Here’s the news I promised you yesterday:
One of the Covington attorneys noticed early after they took the case that the autopsy on Ron Jones reported that Jones had written a phone number on his hand. The team hired a private investigator, and after some leg work, managed to track down the guy who owned the number at the time of the raid.
Gold. The number eventually led to the informant who tipped Ron Jones off to the raid on the Cory Maye-Jamie Smith duplex. The guy’s a real piece of work. I can’t go into too much detail right now, but the story the informant told Covington’s private investigator is dramatically different than the description given in Ron Jones’ affidavits for the search warrants. The details between the two accounts aren’t even close. I’ll get into the rammifications of the discprencies a bit later.
For now? Well, here’s where it gets fun.
After the guy realized the investigator was working for the defense team, he clammed up. When Bob Evans — Cory Maye’s lead attorney — called to tell him that if he didn’t talk, they’d compell his testimony with a subpeona, the informant flipped out. He called Evans, and left a rant on Evans’ answering maching that, when Evans played it for me the other night, blew my mind. It’s a 45-second clip of absolute fury, brimming with f-bombs, anger, hate, and — by my count — at least four utterances of the word “nigger.”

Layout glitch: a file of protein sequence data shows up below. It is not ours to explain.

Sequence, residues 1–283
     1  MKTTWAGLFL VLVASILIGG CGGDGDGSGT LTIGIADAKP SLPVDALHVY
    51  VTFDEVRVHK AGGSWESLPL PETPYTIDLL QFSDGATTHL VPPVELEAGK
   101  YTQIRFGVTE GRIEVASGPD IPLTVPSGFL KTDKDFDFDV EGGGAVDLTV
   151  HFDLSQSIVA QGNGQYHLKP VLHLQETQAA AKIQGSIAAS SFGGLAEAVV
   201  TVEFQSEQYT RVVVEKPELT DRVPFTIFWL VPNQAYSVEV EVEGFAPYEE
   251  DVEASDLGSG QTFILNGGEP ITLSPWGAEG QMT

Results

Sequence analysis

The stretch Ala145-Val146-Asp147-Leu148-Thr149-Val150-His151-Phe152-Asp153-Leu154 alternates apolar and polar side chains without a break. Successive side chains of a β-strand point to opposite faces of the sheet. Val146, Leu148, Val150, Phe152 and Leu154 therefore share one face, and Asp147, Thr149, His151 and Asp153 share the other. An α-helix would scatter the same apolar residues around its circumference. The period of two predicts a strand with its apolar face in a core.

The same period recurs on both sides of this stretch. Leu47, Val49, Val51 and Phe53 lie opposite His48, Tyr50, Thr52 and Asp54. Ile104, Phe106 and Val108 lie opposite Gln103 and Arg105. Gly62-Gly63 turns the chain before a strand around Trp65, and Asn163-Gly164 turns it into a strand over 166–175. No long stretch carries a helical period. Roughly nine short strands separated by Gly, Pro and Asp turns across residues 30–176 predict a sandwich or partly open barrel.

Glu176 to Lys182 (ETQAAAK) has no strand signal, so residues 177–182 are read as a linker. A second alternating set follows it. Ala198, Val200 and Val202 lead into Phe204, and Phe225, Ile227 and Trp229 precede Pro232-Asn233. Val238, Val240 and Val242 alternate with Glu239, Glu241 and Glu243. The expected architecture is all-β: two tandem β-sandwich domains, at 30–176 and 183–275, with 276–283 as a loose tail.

This is the “trustworthy” informant whose tip led to the raid on Cory Maye’s home. An unabashed bigot. Makes you wonder how many other black people have been raided, arrested, and imprisoned based on this guy’s tips. Not to mention how many ignoramouses like him are still turning people in down in Mississippi — or, for that matter, anywhere else.
I’ll have much, much more on this after the September 20th hearing.
Needless to say, for the moment, this new development shoots a mile-wide hole in the already suspect case against Cory Maye.
It also ought to have repercussions well above and beyond Cory’s case. Every person this guy has ever put behind bars deserves to have his case reexamined.
More broadly, all of this is yet more evidence in the sad, growing, and already overwhelming sea of evidence against the use of shady informants in door-busting drug raids.